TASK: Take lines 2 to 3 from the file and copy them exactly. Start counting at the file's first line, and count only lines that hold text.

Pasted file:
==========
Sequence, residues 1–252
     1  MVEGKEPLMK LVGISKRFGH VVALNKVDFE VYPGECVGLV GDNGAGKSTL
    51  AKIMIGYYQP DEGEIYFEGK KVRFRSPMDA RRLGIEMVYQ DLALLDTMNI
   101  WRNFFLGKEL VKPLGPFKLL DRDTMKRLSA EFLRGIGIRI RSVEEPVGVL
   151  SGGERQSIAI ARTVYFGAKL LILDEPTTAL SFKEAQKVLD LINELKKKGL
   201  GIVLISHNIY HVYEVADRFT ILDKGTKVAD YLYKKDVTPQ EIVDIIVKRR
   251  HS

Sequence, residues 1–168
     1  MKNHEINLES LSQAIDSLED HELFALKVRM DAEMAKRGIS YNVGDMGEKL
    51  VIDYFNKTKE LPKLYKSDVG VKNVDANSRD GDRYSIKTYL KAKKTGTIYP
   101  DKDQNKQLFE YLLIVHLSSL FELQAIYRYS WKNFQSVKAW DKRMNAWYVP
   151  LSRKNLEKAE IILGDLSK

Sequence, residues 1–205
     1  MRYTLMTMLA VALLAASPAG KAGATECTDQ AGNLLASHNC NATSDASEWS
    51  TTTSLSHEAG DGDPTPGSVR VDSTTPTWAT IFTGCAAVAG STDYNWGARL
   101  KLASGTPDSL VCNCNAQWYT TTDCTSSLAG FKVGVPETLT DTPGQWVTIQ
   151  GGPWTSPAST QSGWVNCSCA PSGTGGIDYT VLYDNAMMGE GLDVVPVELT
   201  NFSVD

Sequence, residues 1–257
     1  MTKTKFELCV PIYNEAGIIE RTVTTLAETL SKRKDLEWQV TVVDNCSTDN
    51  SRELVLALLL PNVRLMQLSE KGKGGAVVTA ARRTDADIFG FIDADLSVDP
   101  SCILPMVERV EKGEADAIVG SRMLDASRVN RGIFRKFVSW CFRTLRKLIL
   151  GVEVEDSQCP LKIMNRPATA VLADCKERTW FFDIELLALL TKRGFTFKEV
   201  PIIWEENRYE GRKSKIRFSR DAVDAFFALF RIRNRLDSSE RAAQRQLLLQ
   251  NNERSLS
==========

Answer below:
     1  MVEGKEPLMK LVGISKRFGH VVALNKVDFE VYPGECVGLV GDNGAGKSTL
    51  AKIMIGYYQP DEGEIYFEGK KVRFRSPMDA RRLGIEMVYQ DLALLDTMNI